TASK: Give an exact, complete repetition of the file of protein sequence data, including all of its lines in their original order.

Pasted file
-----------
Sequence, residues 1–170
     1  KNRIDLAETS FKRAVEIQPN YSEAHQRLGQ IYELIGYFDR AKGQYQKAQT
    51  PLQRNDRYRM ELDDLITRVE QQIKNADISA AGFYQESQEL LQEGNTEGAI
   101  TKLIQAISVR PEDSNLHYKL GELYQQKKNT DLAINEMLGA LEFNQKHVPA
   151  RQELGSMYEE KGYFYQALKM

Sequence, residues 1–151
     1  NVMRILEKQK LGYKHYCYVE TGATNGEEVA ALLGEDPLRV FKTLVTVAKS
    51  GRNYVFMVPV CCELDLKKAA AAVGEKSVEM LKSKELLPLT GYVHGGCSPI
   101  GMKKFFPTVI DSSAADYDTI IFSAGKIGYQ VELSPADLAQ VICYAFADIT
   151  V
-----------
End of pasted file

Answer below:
Sequence, residues 1–170
     1  KNRIDLAETS FKRAVEIQPN YSEAHQRLGQ IYELIGYFDR AKGQYQKAQT
    51  PLQRNDRYRM ELDDLITRVE QQIKNADISA AGFYQESQEL LQEGNTEGAI
   101  TKLIQAISVR PEDSNLHYKL GELYQQKKNT DLAINEMLGA LEFNQKHVPA
   151  RQELGSMYEE KGYFYQALKM

Sequence, residues 1–151
     1  NVMRILEKQK LGYKHYCYVE TGATNGEEVA ALLGEDPLRV FKTLVTVAKS
    51  GRNYVFMVPV CCELDLKKAA AAVGEKSVEM LKSKELLPLT GYVHGGCSPI
   101  GMKKFFPTVI DSSAADYDTI IFSAGKIGYQ VELSPADLAQ VICYAFADIT
   151  V